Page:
Winterize Your Home: How-To’s and Product Links Provided!
Whether your a seasoned winter professional, a new homeowner going through your first winter, or a newcomer to the area, preparing your home for the upcoming cold temperatures, snow, and ice can save you time and money. Most importantly, it keeps you and the ones you love safe and cozy for the best holiday season possible.
1. Insulate doors, windows, & other small openings.
There are a variety of ways in which these major heat sinks can be sealed. Options include window insulation kits, weather stripping, weather sealing tape, window and door spray foam, weather resistant caulking, or an under door seal or draft guard. Choosing the right solution for your home can make a major difference in both the comfortability of your home and your heating bill.
2. Clean & seal your chimney.
When your chimney isn’t actively being used, it can be a major source of a cold draft. There are several ways to combat this: chimney balloons, flue blockers, and insulated chimney blankets are all good options. This is also a good time to get your yearly chimney servicing to prevent buildup and maintain it’s efficiency.
3. Change your ceiling fan direction.
We’ve all heard that heat travels upward, so how do we bring it back down? Set your ceiling fan to spin clockwise on slow speed to create an updraft that cycles the warm air back down.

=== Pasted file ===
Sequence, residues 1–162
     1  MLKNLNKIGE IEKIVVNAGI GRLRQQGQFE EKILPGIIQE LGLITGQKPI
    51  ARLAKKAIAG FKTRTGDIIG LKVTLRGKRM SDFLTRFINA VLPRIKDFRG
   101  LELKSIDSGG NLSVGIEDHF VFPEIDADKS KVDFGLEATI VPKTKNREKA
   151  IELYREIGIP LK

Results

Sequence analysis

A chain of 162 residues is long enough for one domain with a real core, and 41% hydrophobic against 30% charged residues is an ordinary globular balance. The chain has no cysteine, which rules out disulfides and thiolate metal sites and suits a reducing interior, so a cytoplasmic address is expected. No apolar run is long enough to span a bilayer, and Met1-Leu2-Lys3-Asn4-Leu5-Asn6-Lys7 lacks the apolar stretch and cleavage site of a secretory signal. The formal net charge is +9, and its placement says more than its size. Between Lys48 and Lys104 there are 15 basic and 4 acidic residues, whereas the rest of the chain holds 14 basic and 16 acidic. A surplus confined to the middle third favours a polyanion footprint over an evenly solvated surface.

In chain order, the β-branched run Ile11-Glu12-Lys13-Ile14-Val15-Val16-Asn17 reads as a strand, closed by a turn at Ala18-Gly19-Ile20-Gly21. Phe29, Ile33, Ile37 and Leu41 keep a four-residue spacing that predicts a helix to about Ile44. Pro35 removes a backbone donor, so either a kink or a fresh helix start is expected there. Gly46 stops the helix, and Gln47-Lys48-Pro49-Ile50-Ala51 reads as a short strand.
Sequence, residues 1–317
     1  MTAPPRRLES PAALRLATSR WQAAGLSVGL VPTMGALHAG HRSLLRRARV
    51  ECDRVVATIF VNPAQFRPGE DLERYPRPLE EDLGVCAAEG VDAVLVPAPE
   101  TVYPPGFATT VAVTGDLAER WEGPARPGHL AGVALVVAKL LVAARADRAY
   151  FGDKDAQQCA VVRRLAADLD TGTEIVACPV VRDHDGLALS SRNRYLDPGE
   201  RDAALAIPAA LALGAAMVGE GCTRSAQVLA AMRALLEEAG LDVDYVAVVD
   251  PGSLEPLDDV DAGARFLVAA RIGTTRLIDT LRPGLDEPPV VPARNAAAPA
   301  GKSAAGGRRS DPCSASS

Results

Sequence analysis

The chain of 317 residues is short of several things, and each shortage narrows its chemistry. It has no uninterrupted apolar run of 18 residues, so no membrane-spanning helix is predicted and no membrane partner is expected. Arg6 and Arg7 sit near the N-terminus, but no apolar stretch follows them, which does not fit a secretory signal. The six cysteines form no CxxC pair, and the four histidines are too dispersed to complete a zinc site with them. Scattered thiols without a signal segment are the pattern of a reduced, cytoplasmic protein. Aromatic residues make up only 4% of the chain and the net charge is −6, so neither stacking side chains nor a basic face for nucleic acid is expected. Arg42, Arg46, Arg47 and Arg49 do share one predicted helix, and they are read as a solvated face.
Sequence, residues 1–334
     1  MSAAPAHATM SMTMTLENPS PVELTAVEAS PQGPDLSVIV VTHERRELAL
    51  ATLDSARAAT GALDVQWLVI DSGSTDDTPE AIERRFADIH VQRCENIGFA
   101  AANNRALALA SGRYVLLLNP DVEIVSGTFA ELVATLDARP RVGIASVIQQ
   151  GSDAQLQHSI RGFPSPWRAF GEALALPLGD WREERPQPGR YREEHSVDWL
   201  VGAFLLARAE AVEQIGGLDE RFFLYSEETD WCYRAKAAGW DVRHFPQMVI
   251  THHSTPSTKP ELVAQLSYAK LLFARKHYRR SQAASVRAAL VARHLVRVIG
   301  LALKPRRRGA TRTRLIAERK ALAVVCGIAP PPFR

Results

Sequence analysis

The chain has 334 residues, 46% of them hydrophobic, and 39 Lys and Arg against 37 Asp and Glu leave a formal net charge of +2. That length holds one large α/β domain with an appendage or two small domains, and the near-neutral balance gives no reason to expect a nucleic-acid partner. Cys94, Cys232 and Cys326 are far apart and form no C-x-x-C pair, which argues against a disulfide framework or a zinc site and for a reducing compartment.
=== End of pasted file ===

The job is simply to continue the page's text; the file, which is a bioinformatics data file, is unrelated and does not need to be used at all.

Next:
4. Clean home air & water systems.
Cleaning or replacing the filters in your central air and heating system helps with the unit’s efficiency, lowers utility bills, and promotes good air quality in the home. Similarly, your hot water heater should be flushed yearly to remove sediment that collects at the bottom of the tank to maintain the system and lower utility bills.
5. Thermostats, space heaters, & humidifiers.
Changing your thermostat is a big way to save. According to the Department of Energy, switching to a programmable thermostat makes it easier to adjust the temperature in your home at certain times: “You can save as much as 10% a year on heating and cooling by simply turning your thermostat back 7°-10°F for 8 hours a day from its normal setting.” If a thermostat isn’t an option, a space heater is a great alternative as long as you follow safety guidelines. Lastly, the winter months bring cold, dry air and heating systems further dry interior air, making a humidifier a great idea for the perfect atmosphere.
6. Check smoke detectors and carbon monoxide detectors.
According to The National Fire Protection Association, “heating is the second leading cause of US home fires and home fire injuries.” For that reason, home fires are more frequent in the winter than any other season, so it’s important to ensure that your smoke detector is working properly. Carbon monoxide incidents are also more frequent in the winter months, so it’s important to verify they are functioning properly as well.
7. Conduct a home energy assessment.
A home energy assessment helps determine how much energy you use in your home, in what ways your home is inefficient, and what you can do about it. This helps you to prioritize the most important tasks first so that you have a long-term strategy. Having a professional assess your home will provide a more in depth and complete analysis, but there are steps that can be taken on your own to help develop a plan.
6. Make the bedroom extra cozy.